"It was at Reval that the Emperor conducted important negotiations with the leaders of Great Britain, France and Germany. In 1908, Nicholas II came to Reval to meet with King Edward VII of Great Britain, followed by a meeting with the French President Faliero the same year. In 1912, the Emperor met with Kaiser Wilhelm II."
Tallinn City Council Deputy, Max Kaur has extended an invitation to HIH Grand Duchess Maria Vladimirovna, Head of the Russian Imperial House to visit the city and the exhibition devoted to her ancestors.
Nicholas II Exhibition Opens at the Hermitage-Vyborg Center Topic: Exhibitions
A new exhibition, The Last Emperor of Russia: Family and Court of Nicholas II at the Turn of the Century opened yesterday at the Hermitage in Vyborg, Russia.
The exhibition will feature nearly 300 items from a variety of museums in St. Petersburg: The State Hermitage Museum, Anichkov Palace, Novo-Mikhailovksy Palace (New Michael Palace), the Yusupov Palace; the Alexander Palace at Tsarskoye Selo, and from private Russian collections.
The exhibition is arranged in choronological order covering the life and reign of Tsar Nicholas II and his family up until 1917.
The opening ceremony was attended by the Vice-Governor of the Leningrad region, Konstantin Patraev and the Director of the State Hermitage Museum in St. Petersburg, Mikhail Piotrovsky.
The Hermitage-Vyborg Center was opened in June, 2010, and regularly hosts exhibitions from the State Hermitage funds in St. Petersburg since that time.
Vyborg is situated 130 km (81 miles) northwest of St. Petersburg, and 38 km (24 miles) south of the Russian-Finnish border.
Treasures of the Royal Courts: Tudors, Stuarts and the Russian Tsars Topic: Exhibitions
Photo: Tsar Ivan IV ("the Terrible") demonstrates his treasures to the ambassador of Queen Elizabeth I of England. Artist: Alexander Litovchenko (1835-1890
A new exhibition at the Victoria & Albert Museum in London, England next year will examine the development of cultural diplomacy and trade between Britain and Russia from its origins in 1555 when the Muscovy Company was founded. Treasures of the Royal Courts: Tudors, Stuarts and the Russian Tsars will reveal the majesty and pageantry of the royal courts of Henry VIII to Charles II and Ivan IV (Ivan the Terrible) to the early Romanovs as they sought to strengthen their power against a backdrop of religious and social upheaval.
The exhibition will begin with Henry VIII’s consolidation of the Tudor dynasty following his accession to the throne in 1509 and the establishment of the English court style. Charting the exchange between consecutive British sovereigns and ambassadors and their corresponding rulers and diplomats in Russia, it will conclude at the end of Charles II’s reign in 1685, after the re-establishment of the British monarchy had resumed contact with Russia.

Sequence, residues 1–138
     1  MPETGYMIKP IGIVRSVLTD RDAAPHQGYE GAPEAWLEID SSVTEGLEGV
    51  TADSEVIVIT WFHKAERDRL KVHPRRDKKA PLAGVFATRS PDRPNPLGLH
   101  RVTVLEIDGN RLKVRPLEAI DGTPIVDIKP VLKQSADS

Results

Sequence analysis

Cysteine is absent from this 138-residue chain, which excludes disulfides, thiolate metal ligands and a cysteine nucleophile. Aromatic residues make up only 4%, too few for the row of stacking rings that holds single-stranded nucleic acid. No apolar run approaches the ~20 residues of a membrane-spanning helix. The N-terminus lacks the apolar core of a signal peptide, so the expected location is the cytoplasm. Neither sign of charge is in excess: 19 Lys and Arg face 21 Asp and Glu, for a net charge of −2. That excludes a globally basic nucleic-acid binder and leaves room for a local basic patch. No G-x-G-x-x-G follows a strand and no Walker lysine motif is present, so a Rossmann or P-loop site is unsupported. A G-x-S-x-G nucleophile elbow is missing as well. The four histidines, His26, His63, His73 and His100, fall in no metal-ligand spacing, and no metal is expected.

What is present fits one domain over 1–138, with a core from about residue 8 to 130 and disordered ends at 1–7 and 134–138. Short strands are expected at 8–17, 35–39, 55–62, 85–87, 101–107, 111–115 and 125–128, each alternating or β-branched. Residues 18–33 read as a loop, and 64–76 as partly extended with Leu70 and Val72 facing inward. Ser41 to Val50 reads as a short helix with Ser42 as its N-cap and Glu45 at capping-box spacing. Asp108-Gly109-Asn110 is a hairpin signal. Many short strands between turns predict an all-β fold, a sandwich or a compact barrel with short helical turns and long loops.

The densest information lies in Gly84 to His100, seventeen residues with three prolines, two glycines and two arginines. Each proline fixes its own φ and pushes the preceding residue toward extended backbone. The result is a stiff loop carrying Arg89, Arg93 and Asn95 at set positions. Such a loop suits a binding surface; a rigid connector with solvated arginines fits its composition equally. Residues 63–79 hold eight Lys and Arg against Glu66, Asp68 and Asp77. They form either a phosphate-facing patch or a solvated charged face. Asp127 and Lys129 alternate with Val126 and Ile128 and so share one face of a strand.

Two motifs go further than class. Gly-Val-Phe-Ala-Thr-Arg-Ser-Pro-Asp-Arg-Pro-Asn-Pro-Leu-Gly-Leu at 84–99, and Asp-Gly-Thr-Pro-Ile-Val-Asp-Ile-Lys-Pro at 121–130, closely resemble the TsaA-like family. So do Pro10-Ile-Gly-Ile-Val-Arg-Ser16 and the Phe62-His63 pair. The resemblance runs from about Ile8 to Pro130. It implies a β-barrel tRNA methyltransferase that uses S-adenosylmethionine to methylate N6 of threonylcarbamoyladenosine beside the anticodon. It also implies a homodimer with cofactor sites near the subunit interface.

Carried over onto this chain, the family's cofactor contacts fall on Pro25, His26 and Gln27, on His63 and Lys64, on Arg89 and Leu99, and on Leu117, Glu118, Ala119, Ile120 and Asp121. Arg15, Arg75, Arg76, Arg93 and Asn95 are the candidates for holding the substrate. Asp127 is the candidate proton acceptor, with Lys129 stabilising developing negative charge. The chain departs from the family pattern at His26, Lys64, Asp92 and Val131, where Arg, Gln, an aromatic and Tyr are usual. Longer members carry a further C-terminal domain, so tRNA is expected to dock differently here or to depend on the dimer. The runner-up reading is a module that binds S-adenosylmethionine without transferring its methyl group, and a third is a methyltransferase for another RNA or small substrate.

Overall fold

Comprising more than 150 objects, the exhibition will chronicle the ritual and chivalry of the royal courts with heraldry, processional armour and sumptuous textiles including furnishings and fine clothing. The leading figures of the time including monarchs, diplomats, wealthy merchants and courtiers will be introduced through portraiture, including paintings and miniatures by court artists. Magnificent examples of jewellery and luxury goods will illustrate the valuable gifts presented by ambassadors.
Martin Roth, V&A Director said: “This exhibition tells us about Britain’s longstanding relationship with Russia as well as highlighting similarities of diplomacy and exchange between both countries - then and today. Our partnership with the Kremlin Museums continues this association and we are delighted to bring together such extraordinary treasures from both museums.”
The works will be drawn from the V&A’s collections, with important loans from Russia, including the Kremlin Armouries Museum and the State Historical Museum in Moscow, alongside objects from British collections including the National Portrait Gallery, National Maritime Museum, the Royal Collection and Royal Armouries.
The exhibition marks the 400 year anniversary of the Romanov dynasty and is part of an ongoing programme of exchange between the V&A and the Kremlin Armouries Museum in Moscow. The exhibition will run 9 March to 14 July, 2013 at the V&A in London, England.